We managed our servicing ok, with no major incidents. The black tank was not quite as disgusting as I thought it might be. We opted not to take on any fresh water at this point, as the water we had smelled of rotten eggs and we wanted to use it all up first.

Servicing complete, we found a spot (#86), parked, and hooked up. Our first time with power! But nothing worked. The gas didn’t work (again) and neither our fridge or heater would operate on electrics. I was beside myself with frustration. Nothing ever seemed to work! Or it would work for a bit and then just quit. I was already sick and the hassle of this machine was starting to really get to me.

Amelia in the Chateau d'Hardelot parking lot.

Amelia in the Chateau d’Hardelot parking lot.

At this point I was in complete misery, as my head cold was on with a vengeance. I had a fever, runny nosy, and splitting headache. I just wanted to curl into a ball. However, we were committed to dinner at Le Matelot, a one-star Michelin restaurant in Boulogne-sur-Mer. I was in such rough shape, we debated even going for dinner and called to see if we could change the reservation to the next day. Unfortunately, I got the front desk who told me to call back at 18:30 when the restaurant staff would be available.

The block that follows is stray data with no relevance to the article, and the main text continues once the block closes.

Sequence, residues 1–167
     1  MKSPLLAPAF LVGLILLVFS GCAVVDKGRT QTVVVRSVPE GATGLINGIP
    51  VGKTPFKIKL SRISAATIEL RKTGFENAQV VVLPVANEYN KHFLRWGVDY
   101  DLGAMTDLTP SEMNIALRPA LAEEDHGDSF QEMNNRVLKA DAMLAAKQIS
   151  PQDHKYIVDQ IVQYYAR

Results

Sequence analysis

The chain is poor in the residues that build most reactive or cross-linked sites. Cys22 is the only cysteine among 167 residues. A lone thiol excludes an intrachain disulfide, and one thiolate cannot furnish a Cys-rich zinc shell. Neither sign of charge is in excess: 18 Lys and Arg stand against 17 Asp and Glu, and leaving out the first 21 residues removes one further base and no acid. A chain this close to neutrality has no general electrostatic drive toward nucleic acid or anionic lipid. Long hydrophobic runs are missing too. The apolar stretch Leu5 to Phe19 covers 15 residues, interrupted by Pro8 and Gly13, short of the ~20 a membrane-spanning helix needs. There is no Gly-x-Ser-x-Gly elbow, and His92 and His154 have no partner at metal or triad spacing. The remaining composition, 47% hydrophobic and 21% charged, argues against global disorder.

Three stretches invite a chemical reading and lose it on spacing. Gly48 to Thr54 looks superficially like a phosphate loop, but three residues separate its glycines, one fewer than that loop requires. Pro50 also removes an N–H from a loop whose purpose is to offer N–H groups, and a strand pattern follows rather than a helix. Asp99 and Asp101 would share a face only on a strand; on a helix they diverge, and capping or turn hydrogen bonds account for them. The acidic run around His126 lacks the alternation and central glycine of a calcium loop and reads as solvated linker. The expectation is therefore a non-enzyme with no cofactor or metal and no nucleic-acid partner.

Since it was uncertain if we would be able to change the reservation, we decided to go anyway. The campground closed the gates at 11pm so we needed to get to the restaurant, eat, and get back before then. We did our best to get cleaned up and headed in to Boulogne-sur-Mer. Our contact at the tourism office said we could park in the Nausicaa Acquarium’s parking lot, across the street from the restaurant. However, when we arrived, there were signs there explicitly banning camping cars. We decided not to risk it.

We drove along the main street, next to the water where we found a few open spots. In the first place we parked, a lady came out to ask us to move. She told us her son has a mental disability and watching the water keeps him calm, but our motorhome blocks his view. Oops! She needs a sign out front then.